LUDMILA PRASLOVA: Employers have never dealt with disability in general and chronic illness very well. And in general, many employers do not think of disability as something that’s even relevant. People are either working or they are on disability. They don’t even think that so many disabled people actually work.

Only 5% of organizations, for example, even consider disability as a part of their diversity considerations. And then they are typically only thinking about very obvious, very visible physical disabilities. When it comes to something that’s non-apparent, most employers have really, really struggled to even consider.

And actually, employment of people with disabilities in general improved slightly during the COVID pandemic because finally employers started thinking about remote work as a reasonable accommodation, and many people were locked out of the workplace by that lack of flexibility.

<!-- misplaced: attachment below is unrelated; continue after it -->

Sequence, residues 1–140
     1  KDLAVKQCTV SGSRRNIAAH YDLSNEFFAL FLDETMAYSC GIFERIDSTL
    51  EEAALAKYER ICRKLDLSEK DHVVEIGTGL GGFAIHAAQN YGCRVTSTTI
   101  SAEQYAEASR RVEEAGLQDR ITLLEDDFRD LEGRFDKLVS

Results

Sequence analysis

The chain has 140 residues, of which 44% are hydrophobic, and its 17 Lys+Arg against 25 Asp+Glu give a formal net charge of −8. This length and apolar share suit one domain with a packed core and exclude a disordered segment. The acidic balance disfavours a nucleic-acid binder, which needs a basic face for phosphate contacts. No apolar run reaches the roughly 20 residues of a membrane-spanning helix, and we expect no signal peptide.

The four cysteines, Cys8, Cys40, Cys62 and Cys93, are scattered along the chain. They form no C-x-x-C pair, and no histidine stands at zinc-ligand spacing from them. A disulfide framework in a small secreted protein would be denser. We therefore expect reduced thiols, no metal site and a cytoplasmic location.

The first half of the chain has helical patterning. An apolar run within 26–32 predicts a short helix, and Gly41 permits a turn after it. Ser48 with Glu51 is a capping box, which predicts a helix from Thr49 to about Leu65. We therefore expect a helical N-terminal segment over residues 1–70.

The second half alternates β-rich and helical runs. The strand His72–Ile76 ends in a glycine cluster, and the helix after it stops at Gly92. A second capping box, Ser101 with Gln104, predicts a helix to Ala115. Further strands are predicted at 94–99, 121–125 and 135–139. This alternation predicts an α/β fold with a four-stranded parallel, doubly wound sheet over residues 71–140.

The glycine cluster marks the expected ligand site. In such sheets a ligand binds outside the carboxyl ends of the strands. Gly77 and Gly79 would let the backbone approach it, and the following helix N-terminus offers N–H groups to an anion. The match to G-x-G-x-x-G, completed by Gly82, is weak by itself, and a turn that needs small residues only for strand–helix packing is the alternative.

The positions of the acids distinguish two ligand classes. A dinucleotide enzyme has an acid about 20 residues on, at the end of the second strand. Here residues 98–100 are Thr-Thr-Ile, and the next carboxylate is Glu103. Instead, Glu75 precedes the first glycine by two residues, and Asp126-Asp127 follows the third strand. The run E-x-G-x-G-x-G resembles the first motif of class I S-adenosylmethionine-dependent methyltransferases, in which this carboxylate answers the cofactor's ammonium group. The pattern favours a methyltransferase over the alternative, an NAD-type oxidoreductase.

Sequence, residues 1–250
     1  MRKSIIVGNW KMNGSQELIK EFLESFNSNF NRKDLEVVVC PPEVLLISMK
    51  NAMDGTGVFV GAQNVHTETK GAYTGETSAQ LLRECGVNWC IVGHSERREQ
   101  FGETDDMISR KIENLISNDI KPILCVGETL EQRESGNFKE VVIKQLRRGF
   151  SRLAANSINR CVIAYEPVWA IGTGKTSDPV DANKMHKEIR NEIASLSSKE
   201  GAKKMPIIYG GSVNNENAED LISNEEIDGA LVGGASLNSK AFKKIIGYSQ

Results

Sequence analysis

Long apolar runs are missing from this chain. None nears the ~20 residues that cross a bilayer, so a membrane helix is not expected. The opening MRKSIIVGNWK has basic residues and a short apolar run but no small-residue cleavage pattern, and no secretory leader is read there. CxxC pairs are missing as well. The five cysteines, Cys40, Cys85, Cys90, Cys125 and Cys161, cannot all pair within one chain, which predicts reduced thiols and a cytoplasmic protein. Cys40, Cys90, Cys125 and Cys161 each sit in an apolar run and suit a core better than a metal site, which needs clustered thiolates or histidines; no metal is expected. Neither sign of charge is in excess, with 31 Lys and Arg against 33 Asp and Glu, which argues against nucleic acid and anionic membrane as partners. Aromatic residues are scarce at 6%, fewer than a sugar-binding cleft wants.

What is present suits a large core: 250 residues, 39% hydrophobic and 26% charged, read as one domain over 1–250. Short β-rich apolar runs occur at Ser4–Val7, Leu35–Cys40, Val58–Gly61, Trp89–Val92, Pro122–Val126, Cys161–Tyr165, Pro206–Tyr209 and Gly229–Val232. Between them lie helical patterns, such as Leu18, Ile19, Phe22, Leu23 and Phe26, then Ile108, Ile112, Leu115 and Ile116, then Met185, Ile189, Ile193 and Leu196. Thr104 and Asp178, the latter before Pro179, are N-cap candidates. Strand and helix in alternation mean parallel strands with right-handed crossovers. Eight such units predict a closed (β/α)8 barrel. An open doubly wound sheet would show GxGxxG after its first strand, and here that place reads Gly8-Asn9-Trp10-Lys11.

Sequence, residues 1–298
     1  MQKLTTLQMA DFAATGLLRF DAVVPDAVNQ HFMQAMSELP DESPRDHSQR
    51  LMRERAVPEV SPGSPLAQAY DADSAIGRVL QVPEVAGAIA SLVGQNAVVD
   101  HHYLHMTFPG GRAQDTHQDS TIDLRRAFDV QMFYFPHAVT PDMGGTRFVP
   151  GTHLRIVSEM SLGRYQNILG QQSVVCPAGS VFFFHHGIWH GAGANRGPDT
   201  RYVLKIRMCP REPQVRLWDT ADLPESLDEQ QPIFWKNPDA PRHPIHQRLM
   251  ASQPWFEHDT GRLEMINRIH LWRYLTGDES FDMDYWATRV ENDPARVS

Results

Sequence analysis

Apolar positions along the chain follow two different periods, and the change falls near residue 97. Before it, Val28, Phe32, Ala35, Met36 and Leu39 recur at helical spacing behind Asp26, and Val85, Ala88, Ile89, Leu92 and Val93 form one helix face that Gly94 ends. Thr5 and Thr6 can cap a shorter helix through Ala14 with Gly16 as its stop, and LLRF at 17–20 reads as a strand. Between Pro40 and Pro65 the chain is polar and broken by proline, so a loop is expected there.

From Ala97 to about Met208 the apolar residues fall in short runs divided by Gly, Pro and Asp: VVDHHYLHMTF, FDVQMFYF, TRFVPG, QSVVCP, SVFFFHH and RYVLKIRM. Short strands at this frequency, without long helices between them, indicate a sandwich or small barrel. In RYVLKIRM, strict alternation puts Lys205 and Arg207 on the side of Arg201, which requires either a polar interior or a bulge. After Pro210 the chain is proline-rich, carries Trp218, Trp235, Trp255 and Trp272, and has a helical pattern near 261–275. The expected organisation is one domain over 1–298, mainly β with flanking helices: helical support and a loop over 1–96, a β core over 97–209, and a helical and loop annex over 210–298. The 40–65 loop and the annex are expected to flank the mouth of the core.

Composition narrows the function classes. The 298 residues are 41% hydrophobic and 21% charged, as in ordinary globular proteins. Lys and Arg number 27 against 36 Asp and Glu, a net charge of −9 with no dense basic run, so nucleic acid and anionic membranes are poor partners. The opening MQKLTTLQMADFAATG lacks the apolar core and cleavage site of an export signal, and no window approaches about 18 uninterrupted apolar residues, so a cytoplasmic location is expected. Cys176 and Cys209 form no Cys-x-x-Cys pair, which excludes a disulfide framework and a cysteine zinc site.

CURT NICKISCH: You use the word accommodate. So remote work sounds like is one, being able to work from home is a key flexibility. What other kind of accommodations would you recommend an HR department sort of formalize?

LUDMILA PRASLOVA: And let’s make a distinction between accommodations and flexibility because very often people think accommodations and then other people are going to bully them because they don’t see the illness, but they see flexibility and they’re envious.

So flexibility is something that really ideally should become a part of the mindset of employers. It’s one of the principles of inclusive organizations. I talk about in my book that intersectionally inclusive, flexibility, something that helps many kinds of people.